Uterine anomalies occur in 0.1 to 0.5% of women, depending on the population. Uterine anomalies that are large enough to decrease the size of the uterine cavity (womb) are a major cause of recurring abortions, premature labor and/or abnormal presentation of the fetus during labor. Uterine anomalies are detected in 15% to 25% of women with recurrent pregnancy loss. Unfortunately, uterine anomalies are usually not diagnosed until a woman becomes pregnant.
The cause of most congenital uterine anomalies is unknown.
In the past, pregnant women were sometimes given diethylstilbestrol (DES) to prevent miscarriage. Female offspring of these women had a higher frequency than usual of uterine anomalies, as well as an increase in cancers of the female reproductive tract.
A genetic cause has not been found.
Environmental factors, as yet undetermined, may affect uterine development.
Recurrent miscarriages (spontaneous abortions)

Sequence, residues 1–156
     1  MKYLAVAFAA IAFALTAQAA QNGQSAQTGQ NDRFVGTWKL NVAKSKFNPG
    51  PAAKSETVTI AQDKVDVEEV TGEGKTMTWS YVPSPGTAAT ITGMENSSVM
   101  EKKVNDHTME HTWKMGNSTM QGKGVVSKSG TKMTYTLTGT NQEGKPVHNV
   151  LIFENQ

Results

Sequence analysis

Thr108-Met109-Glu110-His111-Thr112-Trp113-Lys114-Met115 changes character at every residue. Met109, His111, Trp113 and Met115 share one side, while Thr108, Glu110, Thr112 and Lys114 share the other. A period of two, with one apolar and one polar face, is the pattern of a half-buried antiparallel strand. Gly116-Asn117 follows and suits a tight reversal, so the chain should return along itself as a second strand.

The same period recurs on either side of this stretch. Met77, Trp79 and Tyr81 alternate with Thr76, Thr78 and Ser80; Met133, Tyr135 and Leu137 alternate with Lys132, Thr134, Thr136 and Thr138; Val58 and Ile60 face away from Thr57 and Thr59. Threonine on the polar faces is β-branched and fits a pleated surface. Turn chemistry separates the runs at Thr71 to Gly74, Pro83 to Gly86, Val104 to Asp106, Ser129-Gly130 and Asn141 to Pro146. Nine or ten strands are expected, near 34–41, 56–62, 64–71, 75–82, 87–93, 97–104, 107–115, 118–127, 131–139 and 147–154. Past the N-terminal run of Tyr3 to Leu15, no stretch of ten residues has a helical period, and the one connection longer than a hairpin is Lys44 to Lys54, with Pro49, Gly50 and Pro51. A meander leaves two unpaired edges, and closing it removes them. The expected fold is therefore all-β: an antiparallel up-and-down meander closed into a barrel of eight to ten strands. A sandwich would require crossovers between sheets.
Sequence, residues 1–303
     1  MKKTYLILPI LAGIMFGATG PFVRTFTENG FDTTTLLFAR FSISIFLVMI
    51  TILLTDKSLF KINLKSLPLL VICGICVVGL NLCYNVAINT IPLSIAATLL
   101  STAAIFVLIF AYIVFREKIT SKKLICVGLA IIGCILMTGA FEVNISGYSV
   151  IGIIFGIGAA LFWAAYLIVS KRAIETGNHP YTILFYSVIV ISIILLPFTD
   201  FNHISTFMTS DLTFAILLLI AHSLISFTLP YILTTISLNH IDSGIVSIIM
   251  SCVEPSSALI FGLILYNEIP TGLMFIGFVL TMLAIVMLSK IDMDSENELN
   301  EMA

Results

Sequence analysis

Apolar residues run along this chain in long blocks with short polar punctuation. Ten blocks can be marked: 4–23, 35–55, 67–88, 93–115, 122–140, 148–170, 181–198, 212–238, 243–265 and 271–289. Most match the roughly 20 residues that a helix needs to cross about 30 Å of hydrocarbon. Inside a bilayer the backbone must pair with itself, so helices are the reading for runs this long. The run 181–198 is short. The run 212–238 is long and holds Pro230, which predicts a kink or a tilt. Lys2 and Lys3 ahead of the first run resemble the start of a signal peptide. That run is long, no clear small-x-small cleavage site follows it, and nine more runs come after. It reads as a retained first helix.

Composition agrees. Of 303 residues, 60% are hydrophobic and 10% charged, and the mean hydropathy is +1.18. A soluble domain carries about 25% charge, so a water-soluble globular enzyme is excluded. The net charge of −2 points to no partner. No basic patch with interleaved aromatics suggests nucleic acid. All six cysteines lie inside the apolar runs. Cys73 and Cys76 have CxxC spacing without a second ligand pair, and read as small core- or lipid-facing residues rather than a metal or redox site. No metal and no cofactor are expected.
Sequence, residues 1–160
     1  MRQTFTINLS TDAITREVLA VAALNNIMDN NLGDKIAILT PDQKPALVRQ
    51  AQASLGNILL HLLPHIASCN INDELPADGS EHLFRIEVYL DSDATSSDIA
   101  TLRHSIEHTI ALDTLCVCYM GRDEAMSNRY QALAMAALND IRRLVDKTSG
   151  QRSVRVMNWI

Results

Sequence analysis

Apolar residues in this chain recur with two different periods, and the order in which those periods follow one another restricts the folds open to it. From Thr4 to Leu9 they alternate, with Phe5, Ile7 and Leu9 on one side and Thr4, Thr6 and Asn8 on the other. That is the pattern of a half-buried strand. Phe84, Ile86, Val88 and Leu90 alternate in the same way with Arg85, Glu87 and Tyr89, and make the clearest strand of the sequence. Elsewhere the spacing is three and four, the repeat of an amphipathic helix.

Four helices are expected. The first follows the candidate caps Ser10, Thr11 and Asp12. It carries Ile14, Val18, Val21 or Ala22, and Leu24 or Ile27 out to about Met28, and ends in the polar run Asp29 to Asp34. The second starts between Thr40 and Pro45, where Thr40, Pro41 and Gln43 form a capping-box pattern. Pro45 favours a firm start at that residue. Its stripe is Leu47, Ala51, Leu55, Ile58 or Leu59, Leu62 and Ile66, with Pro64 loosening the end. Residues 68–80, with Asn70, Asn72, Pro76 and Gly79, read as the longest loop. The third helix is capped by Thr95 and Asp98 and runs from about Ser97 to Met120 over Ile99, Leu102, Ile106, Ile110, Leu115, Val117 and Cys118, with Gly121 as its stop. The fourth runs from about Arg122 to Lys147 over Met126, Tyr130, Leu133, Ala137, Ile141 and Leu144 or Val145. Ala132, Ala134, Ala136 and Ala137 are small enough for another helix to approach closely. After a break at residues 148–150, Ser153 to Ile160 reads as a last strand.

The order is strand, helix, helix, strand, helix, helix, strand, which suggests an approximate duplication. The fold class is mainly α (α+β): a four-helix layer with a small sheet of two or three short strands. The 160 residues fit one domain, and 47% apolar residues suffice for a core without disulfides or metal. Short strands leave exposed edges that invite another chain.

Intrauterine fetal growth retardation
Abnormal fetal presentation (defined as any part of the fetus that presents other than the top (vertex) of the fetal head facing the cervix towards the floor)
Pelvic examination reveals two vaginas and/or two cervix (associated with uterine anomalies) or sometimes two horns are felt on the uterus.
Usually there is no sign of a uterine anomaly on a routine pelvic examination.
History of pregnancy losses or prenatal exposure to DES
Magnetic resonance imaging (MRI)
Aggressive obstetrical, nonsurgical management of patients with prior reproductive failure.
Surgery to redesign the uterus is a highly successful procedure. Postoperative success rates (i.e., term pregnancy) generally range from 70% to 80%, with premature delivery rates less than 10%.